And, of course, when you consume such hyper-processed products, you’re usually getting a whole lot more than just erythritol. It’s unreal food, and beyond brushing and flossing, eating real food is the number one thing you can do to maintain a naturally healthy smile.

For 8 more things you can do, read on…

Previously

And the Current Verdict on Xylitol Is…

xylitol gum packetsOver the past few years, there’s been a lot of hype about xylitol – an artificial sweetener believed to prevent cavities. But as we’ve seen, research supporting that claim has been mixed at best. There’s seemed to be some benefit, but moderate and limited.

Now a new study in Cochrane Reviews has more clearly shown that, at present, there really isn’t much good evidence to justify the xylitol hype.

The authors analyzed results from 10 studies involving nearly 6000 subjects. The xylitol products ranged from lozenges to syrup to toothpaste and wipes. The only real positive evidence they found was for xylitol toothpaste, which was found to be more effective than a control product, with no adverse effects.

But overall, they found the evidence low quality and very limited.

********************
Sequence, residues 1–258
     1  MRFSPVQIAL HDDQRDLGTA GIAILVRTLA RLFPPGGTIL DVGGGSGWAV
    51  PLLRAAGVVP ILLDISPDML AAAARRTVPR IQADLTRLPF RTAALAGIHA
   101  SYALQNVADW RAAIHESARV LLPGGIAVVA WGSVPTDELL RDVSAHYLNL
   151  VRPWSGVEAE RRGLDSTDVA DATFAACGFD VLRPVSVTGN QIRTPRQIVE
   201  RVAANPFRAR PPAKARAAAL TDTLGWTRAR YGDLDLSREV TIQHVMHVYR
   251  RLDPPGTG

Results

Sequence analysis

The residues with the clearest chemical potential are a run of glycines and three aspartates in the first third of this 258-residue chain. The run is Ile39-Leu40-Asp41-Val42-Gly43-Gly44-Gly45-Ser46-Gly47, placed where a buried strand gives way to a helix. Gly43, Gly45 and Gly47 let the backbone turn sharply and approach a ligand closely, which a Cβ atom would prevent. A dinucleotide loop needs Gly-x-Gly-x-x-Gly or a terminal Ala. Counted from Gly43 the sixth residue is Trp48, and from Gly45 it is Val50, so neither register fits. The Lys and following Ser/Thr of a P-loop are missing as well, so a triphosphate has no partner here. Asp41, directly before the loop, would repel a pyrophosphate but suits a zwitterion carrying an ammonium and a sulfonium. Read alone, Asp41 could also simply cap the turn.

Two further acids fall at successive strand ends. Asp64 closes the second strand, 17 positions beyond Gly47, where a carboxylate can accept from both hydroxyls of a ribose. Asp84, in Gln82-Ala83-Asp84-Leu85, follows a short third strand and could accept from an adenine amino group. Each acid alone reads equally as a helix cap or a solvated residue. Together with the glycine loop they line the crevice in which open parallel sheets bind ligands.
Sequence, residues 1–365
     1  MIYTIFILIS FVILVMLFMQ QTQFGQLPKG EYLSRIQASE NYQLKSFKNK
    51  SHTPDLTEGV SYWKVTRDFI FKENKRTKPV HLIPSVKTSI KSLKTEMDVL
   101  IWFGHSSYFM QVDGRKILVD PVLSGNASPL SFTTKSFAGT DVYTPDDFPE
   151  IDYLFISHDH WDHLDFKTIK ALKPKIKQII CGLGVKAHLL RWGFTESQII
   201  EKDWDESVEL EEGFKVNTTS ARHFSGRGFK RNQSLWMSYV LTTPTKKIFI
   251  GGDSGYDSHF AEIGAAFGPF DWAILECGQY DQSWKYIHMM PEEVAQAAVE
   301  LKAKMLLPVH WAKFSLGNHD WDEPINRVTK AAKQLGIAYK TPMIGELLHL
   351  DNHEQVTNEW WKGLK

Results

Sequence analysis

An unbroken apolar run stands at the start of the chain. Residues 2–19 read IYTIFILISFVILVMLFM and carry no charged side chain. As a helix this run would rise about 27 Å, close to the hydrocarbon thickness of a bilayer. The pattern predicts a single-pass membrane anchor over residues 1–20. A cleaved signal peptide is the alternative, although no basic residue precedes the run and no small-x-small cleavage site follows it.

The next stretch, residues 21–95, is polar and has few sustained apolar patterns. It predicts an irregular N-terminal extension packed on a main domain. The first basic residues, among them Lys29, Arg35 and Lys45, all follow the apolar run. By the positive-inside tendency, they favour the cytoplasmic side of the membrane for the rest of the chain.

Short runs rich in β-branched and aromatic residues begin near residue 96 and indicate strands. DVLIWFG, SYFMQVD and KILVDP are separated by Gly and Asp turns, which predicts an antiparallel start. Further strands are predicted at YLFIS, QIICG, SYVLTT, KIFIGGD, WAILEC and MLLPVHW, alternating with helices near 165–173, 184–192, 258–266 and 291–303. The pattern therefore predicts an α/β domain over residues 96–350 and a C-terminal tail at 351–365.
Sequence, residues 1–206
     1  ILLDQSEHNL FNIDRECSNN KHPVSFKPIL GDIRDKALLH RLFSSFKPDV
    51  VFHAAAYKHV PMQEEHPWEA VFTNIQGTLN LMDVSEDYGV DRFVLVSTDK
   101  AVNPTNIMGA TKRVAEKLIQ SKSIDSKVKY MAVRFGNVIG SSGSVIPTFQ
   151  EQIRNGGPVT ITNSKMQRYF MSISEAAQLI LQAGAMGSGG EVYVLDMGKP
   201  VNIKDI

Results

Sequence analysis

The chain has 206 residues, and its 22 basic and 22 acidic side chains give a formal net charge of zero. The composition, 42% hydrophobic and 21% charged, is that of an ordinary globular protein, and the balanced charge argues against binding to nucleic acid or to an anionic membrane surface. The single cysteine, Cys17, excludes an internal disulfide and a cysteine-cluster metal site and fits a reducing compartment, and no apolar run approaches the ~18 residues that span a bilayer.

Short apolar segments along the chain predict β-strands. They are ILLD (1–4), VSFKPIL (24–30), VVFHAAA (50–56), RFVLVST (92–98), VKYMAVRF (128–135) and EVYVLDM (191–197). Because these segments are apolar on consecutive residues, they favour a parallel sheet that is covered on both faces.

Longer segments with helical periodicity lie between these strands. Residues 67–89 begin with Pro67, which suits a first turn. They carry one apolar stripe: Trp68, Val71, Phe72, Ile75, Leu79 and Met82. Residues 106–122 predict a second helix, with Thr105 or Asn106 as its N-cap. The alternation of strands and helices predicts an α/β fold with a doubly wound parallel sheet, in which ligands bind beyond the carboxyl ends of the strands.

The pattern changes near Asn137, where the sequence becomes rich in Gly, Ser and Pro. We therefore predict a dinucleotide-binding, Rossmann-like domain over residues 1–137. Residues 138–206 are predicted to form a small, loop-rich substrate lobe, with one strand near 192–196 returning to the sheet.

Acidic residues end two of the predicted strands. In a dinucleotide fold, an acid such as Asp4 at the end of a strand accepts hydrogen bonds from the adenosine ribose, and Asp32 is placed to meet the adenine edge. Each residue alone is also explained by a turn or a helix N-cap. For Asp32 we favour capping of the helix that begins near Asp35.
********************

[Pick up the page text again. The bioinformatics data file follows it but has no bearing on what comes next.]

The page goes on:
One particularly glaring problem was that 7 of the 10 studies considered – including the toothpaste studies – were deemed “highly biased.” As for the rest?

The remaining evidence we found is of low to very low quality and is insufficient to determine whether any other xylitol-containing products can prevent caries in infants, older children, or adults.

If there’s one thing this study makes clear, it’s that more and better research needs to be done.

That said, it’s also a fact that xylitol is hardly a necessity for your teeth. Like herbal and other specialized hygiene products, it may support good oral health. It doesn’t create it. That comes most from a healthful diet – with minimal added sugars and other hyper-processed carbs and starches – and optimal hygiene, including brushing, flossing.